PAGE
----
Takeaways From the Georgia Special Election

Democrat Jon Ossoff listens to other candidates speak during the League of Women Voters' candidate forum for Georgia's 6th Congressional District special election to replace Tom Price, who is now the secretary of Health and Human Services, in Marietta, Georgia, on April 3. Bita Honarvar/Reuters

Democrat Jon Ossoff won the vote count in the Georgia special election to fill the House seat formerly held by Department of Health and Human Services Secretary Tom Price—but it wasn't exactly a "win." At 48.1 percent support, Ossoff on Tuesday narrowly missed garnering the 50-plus percent of the vote he would have needed to avoid a June runoff in the suburban Atlanta district. Now, instead of facing a fragmented field of 11 Republicans, he'll be going one-on-one against Karen Handel, Georgia's former secretary of state. Defeating that Republican will be a much steeper climb in the traditionally GOP-held district, especially with her party—and even President Donald Trump—on high alert over potentially losing the seat.

Related: Jon Ossoff surpasses rivals in Georgia House race but still faces a runoff

Nonetheless, that Ossoff, a 30-year-old political neophyte, ran as strongly as he did—and still has a decent chance of flipping the 6th District seat in June—says a lot about the current political environment. Here are three takeaways from Tuesday night's results:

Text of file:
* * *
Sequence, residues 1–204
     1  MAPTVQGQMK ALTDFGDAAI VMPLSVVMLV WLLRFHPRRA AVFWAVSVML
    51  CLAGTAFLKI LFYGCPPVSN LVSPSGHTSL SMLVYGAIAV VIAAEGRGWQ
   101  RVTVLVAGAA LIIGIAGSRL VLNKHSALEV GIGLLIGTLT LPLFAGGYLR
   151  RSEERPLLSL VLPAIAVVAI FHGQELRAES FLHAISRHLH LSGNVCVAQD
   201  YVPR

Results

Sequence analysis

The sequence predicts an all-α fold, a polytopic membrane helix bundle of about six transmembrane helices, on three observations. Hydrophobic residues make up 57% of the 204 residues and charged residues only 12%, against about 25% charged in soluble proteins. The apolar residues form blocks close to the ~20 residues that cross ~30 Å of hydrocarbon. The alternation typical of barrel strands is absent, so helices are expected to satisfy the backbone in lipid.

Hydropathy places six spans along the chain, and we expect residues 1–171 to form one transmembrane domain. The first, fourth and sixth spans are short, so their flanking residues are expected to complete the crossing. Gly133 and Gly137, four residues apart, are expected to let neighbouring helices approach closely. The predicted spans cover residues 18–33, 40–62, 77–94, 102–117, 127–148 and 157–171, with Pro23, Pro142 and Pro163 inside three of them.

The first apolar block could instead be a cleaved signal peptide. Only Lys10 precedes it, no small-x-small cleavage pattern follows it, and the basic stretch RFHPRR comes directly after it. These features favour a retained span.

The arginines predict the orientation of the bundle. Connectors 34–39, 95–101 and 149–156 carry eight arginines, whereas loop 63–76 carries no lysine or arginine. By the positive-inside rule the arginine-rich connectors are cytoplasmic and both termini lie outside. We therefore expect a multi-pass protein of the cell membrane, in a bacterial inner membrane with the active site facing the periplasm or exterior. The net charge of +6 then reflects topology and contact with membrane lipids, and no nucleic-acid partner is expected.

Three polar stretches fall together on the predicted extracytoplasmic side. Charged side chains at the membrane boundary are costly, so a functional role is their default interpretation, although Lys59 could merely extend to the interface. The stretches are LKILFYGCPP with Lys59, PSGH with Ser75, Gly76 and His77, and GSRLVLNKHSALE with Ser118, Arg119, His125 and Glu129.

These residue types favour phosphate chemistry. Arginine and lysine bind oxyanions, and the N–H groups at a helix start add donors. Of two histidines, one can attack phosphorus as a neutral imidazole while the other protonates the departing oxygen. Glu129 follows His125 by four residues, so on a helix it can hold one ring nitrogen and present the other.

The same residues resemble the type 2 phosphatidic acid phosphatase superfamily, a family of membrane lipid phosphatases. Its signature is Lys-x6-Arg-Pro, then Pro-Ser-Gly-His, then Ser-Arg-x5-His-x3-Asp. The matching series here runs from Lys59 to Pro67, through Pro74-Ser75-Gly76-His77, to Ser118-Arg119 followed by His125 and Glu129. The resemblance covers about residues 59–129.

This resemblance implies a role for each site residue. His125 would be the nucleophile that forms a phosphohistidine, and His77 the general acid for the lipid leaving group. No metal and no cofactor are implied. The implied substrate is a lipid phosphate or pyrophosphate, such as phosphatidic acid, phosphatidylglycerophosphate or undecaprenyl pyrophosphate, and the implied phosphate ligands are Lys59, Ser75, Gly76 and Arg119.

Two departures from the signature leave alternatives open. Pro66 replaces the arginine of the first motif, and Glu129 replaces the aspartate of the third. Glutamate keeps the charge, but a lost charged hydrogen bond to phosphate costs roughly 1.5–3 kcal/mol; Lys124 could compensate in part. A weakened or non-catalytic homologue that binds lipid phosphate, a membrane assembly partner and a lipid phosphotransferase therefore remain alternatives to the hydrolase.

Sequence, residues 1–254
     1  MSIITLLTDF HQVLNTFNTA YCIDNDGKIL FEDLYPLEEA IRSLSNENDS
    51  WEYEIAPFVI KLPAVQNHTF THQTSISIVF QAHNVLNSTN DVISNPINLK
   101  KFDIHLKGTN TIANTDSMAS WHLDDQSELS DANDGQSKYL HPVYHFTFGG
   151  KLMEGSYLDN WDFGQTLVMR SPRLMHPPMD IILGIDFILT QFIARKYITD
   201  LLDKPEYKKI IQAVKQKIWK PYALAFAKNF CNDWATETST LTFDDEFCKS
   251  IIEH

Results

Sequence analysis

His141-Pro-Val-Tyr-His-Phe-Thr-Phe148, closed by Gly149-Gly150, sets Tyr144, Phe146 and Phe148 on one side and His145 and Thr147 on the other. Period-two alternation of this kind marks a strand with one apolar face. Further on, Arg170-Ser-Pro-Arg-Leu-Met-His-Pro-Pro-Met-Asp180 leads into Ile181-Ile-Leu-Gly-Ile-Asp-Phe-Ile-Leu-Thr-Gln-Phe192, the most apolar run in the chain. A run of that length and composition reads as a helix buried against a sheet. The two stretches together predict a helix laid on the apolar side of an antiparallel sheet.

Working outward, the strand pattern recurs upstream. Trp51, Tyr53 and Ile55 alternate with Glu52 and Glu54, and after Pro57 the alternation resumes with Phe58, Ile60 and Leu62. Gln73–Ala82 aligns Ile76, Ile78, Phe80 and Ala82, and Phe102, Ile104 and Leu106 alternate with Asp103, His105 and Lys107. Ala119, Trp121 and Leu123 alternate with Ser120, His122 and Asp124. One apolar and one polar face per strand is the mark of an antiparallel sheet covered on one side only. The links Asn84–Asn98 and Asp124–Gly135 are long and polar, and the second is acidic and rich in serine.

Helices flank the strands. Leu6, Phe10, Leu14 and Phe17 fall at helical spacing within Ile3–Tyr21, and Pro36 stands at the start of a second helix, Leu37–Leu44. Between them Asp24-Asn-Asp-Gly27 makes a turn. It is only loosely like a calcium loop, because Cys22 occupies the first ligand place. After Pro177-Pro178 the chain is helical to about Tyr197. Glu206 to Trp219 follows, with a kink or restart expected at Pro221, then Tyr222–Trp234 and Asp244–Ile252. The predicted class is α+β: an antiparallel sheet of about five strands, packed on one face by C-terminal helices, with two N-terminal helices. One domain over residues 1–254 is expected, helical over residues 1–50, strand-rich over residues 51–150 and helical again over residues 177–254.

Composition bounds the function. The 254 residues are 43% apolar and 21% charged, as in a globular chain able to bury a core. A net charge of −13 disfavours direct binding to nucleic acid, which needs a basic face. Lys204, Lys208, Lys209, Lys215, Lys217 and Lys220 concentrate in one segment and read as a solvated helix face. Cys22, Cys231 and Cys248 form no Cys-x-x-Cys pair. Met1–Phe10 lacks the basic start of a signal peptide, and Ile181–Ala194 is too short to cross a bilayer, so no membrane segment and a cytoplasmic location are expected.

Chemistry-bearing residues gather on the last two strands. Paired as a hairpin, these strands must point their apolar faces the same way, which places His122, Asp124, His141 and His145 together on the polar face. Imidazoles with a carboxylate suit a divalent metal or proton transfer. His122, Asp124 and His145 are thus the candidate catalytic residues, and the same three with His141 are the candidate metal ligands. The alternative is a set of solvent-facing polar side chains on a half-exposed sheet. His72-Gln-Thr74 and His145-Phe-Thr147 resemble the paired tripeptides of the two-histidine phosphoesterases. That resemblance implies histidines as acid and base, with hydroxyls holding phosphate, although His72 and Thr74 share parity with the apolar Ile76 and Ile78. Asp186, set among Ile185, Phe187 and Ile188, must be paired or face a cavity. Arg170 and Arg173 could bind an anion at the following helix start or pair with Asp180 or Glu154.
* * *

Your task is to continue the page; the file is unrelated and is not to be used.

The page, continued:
This Race Is All About Trump

As much as Ossoff would like to frame himself as a local candidate focused on local issues, the national overtones in the race are unavoidable—and they are what fueled the outpouring of Democratic support for Ossoff's campaign. Anti-Trump voices in the district and from around the country came out in force for the young Democrat: not because of his platform, specifically, but because of the message his victory would deliver. "I was shocked on election night," 64-year-old Ossoff volunteer Christina Ferguson told NPR over the weekend. "I never thought that Trump was a viable candidate. I thought that the country would wake up at some point."

Despite the district's long-standing Republican lean, Trump's populist, often divisive rhetoric didn't play so well among its affluent, relatively diverse, center-right voting population. Even as Price cruised to a double-digit re-election victory in November, Trump defeated Democrat Hillary Clinton there by one a bit more than a percentage point. That had Democrats thinking they had a legitimate shot to snag the open seat when Trump tapped Price to be his health secretary—as long as they could turn it into a referendum on the new president. Progressive groups and donors helped Ossoff raise an eye-popping $8.3 million, the vast majority from outside Georgia. Winning the seat, which Republicans have held since the 1970s, wouldn't make much of dent in the GOP's control of Congress, but it would be a symbolic blow to the party and a signal that anti-Trump forces are mobilized—and powerful.